When I was a rather inexperienced detectorist and found my first gold stater, I simply thought, “That looks rather nice,” and stowed it away in the pocket of my jeans.
The use of the word ‘first’ suggests that there may be more. I live in hope! With the benefit of hindsight and if a second is ever found, a ‘detector dance’ will be executed and the precious coin placed carefully in a plastic bag. It will then be snugly inserted between two layers of foam in an old baccy tin and carefully tucked in the zipped compartment of my finds’ pouch. Then I’ll phone Securicor to escort me home. If I want to show anybody in the field, it’ll take more extracting than an over-packaged Tesco tea bag.
Aye, that all comes with experience and learning. Even though I exaggerate a tad, you will understand my meaning. Another early find, a small glass bottle with metal stopper, was rather mundane – so I thought! It was put in the hedge out of harm’s way and on subsequent visits to that field, just ignored. I can’t explain why, but I eventually retrieved it and what an interesting find it has proved to be . . . but more about that later.
The point being made in this introductory section (and not very well) is that when we start detecting, all finds, whether gold or glass should be regarded as interestingly significant in their own way and should be treated as such. Don’t discard ANYTHING until your knowledge has increased and you are absolutely 100% sure that it is the dross you originally thought it was.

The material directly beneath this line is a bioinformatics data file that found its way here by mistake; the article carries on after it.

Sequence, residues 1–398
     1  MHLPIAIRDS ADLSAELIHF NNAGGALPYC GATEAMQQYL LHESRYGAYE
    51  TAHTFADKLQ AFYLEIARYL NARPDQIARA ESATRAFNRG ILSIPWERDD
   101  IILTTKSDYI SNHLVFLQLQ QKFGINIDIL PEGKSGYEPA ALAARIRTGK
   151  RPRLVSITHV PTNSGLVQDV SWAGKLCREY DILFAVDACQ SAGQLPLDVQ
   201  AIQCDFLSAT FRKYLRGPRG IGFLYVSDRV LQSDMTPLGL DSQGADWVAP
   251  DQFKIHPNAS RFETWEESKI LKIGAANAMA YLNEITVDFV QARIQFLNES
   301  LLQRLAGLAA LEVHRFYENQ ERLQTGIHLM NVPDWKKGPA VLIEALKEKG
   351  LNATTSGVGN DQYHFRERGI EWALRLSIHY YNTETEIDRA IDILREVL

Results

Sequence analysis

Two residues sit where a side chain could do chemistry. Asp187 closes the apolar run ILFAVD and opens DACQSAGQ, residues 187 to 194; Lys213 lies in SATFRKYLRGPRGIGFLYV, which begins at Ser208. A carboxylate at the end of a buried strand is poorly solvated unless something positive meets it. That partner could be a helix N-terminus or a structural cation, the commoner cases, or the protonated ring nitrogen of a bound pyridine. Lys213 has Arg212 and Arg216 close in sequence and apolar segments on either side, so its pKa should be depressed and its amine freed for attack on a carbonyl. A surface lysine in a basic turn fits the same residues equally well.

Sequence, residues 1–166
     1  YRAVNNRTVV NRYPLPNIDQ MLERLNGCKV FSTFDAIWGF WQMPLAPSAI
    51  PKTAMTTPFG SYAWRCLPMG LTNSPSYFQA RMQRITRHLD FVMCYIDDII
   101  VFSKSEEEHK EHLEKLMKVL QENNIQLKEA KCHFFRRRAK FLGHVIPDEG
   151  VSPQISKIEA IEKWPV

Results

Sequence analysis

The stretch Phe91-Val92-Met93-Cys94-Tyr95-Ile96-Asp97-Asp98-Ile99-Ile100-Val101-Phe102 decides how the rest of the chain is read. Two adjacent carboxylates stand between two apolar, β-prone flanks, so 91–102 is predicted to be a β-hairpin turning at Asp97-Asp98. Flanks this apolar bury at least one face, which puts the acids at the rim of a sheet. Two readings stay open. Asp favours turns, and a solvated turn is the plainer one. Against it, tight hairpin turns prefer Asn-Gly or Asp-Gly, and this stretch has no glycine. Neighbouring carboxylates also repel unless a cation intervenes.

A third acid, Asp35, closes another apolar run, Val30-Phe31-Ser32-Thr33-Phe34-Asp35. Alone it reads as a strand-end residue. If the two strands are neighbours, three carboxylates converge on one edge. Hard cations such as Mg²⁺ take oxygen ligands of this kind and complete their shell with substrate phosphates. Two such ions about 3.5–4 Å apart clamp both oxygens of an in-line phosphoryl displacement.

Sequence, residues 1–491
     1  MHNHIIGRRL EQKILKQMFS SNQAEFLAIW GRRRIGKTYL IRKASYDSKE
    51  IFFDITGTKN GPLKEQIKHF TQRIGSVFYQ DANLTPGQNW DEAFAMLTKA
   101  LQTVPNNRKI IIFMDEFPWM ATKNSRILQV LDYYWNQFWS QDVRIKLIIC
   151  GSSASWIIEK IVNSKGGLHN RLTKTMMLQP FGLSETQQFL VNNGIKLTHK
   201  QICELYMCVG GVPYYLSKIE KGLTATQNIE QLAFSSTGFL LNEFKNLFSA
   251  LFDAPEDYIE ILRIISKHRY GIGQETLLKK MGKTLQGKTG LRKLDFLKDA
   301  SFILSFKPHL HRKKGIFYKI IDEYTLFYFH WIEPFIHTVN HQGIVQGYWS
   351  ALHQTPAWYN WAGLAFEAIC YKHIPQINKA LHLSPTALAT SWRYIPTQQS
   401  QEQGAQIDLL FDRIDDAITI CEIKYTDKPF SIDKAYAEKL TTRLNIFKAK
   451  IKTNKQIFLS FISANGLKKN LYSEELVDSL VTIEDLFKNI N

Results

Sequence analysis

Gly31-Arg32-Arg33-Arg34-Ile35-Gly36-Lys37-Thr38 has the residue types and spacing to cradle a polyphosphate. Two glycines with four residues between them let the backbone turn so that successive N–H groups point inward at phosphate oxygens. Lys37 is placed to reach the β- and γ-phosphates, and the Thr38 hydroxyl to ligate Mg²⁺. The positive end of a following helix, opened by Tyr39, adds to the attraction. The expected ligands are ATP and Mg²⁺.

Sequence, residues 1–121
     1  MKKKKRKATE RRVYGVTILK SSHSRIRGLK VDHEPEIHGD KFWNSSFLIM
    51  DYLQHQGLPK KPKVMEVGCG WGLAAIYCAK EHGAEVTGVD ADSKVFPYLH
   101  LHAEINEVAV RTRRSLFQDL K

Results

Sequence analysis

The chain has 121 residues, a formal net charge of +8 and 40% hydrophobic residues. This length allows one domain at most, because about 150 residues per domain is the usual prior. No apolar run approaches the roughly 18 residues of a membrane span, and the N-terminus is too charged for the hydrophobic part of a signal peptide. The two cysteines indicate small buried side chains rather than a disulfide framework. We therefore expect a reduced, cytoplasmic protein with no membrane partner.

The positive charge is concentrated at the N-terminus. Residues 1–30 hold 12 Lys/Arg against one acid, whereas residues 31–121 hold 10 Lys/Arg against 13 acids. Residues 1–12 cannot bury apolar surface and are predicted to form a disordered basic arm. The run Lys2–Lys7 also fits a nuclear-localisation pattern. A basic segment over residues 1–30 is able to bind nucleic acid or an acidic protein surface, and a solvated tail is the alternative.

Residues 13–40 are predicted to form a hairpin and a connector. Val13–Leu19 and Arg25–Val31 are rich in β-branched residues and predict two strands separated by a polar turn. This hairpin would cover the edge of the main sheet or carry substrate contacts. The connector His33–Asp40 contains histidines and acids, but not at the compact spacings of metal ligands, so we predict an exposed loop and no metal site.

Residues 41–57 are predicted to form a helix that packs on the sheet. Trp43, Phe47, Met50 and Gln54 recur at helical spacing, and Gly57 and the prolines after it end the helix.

Although it embarrasses me to relate the tale now, I confess to discarding a large fragment of Roman La Tène brooch thinking it as just another piece of old metal; so I do speak with some authority on the subject. And I can tell you that searching for the story, the history behind that glass bottle, has given me as much pleasure as learning about Tasciovanus, Celts in the South East and gold staters. But first, let’s whet our snake oil sensibilities on learning about some familiar but worthless preparations peddled as the cure for many ills . .
Renowned Baldness Remedy
The bottle I found was from pasture that had been producing quite a lot of Georgian and Victorian coins, pin-pointing had been easy and holes were relatively small. So, I suppose I was rather fortunate to unearth it all in one piece, complete with stopper (shown above), but at that stage, I wouldn’t have been too disappointed. After all – it was just a plain glass rectangular bottle about 5 x 2 x 1” with HARLENE FOR THE HAIR inscribed on the cap and imprinted along the narrower side. I wanted to know more.
As you know, Google is sometimes a wonderful friend for those bereft of ideas and keen to know more. So, among the many references, I learned that a chap called Edwards traded from High Holborn in London in the late 19th and much of the 20th century selling this ‘great hair producer and restorer’.
His advertisements grandly said that his product was ‘under the Royal Patronage’ of HM The Queen of Greece, HRH the Duchess of Sparta, HRH Princess Hohenlohe, HIH the Grand Duchess of Mecklenburg-Schwerin . . . and several other doubtful sounding royals.